am i young enough to give it all up and start again?



  • (Land_of)_Maz
    (Land_of)_Maz Posts: 11,738 Forumite
    awwww hun, i really didn't mean to make you cry.... but yes you are lucky!!

    i guess our dream stems from my husband growing up in a nice house and the whole 2 point 4 children thing, and me growning up in a crummy broken home. guess we both thought the perfect senario was the big house, happy family stuff! and well it isn't!

    I can relate to that too, similarly my OH had a nice house loadsa money but he never saw his dad and that got to him, whereas i had a rented council house, crummy circumstances but i knew my folks were there for me...

    There is a certain pride in owning your own home, but no shame in renting, the home is important beacuse of who's there and how you make it, not whether or not you own the bricks.

    keep posting here or in the other threads and let us know how you get on.

    shared housing, something to think about further down the line....

    chin up chuck!
    I'm just a seething mass of contradictions....
    (it's part of my charm!)
  • Seaxwyn
    Seaxwyn Posts: 4,896 Forumite
    Hi pinkladez, I think it's a good idea to sell up and go back to renting.

    I didn't buy a house til I was 37 and had four children! Looking back on the years renting, they were happy and stress-free

    And you don't need a big house to provide a happy home for your daughter. Secure, unstressed parents will be far more important for her!
    Total debt: 1 January 2007 £[strike]49,387.79[/strike] 1 January 2012 £[STRIKE]19,312.85[/STRIKE] 1 August 2012 £11,517.62

  • thank you everyone for all your coments after sleeping on it, it does seem to make the most sense, will talk to dh tomorrow as wont see him today. guess the next step is to get the estate agents in and see what our house is really worth.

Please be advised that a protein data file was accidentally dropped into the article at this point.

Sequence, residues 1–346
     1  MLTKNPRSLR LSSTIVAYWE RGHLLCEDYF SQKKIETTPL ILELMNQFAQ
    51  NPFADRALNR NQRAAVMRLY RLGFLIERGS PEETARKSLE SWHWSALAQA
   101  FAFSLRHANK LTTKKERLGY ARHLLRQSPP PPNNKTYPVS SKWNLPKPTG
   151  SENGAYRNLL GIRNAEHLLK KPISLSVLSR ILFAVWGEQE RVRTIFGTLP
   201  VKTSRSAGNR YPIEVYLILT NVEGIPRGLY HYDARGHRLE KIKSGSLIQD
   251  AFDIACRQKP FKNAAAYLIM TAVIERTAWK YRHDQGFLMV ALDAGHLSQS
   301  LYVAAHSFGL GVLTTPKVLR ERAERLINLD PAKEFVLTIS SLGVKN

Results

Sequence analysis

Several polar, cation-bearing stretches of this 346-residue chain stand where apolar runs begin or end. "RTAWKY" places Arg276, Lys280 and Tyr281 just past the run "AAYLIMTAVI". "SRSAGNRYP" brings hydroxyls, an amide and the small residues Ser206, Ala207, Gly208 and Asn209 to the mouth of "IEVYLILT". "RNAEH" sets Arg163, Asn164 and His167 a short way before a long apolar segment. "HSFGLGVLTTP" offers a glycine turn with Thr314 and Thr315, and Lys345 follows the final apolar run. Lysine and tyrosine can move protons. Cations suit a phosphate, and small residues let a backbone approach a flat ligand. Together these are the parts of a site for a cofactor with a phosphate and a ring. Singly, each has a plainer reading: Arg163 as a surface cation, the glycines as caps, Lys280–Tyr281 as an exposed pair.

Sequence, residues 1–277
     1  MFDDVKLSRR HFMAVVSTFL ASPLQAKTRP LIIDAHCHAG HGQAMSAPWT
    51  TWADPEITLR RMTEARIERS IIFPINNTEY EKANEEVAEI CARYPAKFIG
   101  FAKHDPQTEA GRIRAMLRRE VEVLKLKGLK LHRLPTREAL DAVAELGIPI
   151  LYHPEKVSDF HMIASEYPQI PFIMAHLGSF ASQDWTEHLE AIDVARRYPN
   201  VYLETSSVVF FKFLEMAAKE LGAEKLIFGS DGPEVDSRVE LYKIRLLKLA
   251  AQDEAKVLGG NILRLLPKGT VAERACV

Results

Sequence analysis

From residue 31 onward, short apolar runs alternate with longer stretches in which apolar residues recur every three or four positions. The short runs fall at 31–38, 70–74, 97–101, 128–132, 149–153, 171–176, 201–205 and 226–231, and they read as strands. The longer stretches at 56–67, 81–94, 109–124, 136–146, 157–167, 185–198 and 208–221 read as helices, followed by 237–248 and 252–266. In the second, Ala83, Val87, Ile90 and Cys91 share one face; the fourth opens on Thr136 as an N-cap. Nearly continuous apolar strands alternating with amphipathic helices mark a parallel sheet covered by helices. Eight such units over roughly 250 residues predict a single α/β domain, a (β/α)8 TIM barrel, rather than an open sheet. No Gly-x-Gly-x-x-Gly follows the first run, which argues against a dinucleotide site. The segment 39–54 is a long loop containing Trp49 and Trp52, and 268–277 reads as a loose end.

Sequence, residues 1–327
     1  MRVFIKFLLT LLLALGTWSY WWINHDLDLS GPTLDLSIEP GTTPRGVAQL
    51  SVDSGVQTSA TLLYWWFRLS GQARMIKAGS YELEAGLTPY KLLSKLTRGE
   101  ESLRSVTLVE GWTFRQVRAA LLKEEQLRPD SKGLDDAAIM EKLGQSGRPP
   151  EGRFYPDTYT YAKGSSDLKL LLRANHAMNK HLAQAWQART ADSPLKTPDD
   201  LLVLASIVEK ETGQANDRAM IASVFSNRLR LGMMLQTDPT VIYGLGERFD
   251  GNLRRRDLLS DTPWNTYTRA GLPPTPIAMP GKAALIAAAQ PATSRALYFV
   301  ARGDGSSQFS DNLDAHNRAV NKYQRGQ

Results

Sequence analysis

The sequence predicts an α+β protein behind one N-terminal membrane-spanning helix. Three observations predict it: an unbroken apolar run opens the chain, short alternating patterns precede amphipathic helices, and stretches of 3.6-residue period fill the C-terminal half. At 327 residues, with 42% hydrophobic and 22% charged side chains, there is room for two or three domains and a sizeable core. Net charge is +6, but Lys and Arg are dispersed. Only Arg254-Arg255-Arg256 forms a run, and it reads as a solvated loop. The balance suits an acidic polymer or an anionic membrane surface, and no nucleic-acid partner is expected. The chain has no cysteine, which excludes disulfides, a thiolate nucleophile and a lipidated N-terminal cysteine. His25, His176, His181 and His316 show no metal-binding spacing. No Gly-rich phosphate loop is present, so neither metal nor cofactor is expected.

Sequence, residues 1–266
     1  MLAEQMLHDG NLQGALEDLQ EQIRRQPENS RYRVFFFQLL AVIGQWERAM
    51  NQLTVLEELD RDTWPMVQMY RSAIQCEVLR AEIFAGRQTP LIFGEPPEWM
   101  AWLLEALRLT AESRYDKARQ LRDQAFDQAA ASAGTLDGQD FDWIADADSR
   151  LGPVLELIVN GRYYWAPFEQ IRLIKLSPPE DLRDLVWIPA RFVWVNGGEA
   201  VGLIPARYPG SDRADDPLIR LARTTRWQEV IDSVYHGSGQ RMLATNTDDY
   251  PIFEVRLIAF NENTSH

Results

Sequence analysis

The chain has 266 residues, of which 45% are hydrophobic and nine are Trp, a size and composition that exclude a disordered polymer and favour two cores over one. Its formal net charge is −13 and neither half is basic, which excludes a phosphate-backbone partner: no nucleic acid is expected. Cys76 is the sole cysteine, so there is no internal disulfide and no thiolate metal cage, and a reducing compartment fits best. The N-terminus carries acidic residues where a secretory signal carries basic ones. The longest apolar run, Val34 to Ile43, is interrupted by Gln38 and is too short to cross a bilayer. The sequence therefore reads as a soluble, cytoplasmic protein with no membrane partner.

• dhassen
    dhassen Posts: 759 Forumite
    I'm 26 and got debt (granted less than you guys). Me and the gf rent so we don't own a home. Sounds like selling up and starting again would be a good idea to me if it means you'd be debt free! why not try and find somewhere cheaper to rent, then you will save even more for your deposit?
    Official DFW Nerd Club - Member no. 784 - Proud to be dealing with my debts
  • barnaby-bear
    barnaby-bear Posts: 4,142 Forumite
    Seaxwyn wrote: »
    Hi pinkladez, I think it's a good idea to sell up and go back to renting.

    I didn't buy a house til I was 37 and had four children! Looking back on the years renting, they were happy and stress-free

    And you don't need a big house to provide a happy home for your daughter. Secure, unstressed parents will be far more important for her!

    Downsizing may be an idea, but having spent several years in rentals - it was hard. A lot of landlords won't allow kids or pets in my area, even if you do they won't let you paint their rooms, put up a shelf etc. There's the constant fear of the AST notice which means if the LL wants to sell etc it's 2 months notice, plus the wait and fight for the deposit; moving potentially every 6 months at 2 months notice - finding somewhere OK available so not paying double rent for too long is stressful, nevermind tryign to deal with schools/catchment areas. Then you get the always buying cheap bits of furniture because the moving means they fall apart, have to be discarded, one rental has no fridge the next does but no storage space.... means lots of hidden expenses. Then when something breaks getting it fixed is a battle with the LL and his yield. Tiny scuffs on paintwork lose £100s off the deposit and/or a fight off a lot of LLs, then there are agency fees, credit checks, making sure you have an extra deposit in hand because you usually have to pay the next+up front rent when you move before you get the last one back....
  • barnaby-bear
    barnaby-bear Posts: 4,142 Forumite
    BTW if you could get a HA/council tenancy with security of tenure those are great - the private rental sector is nasty to be in though....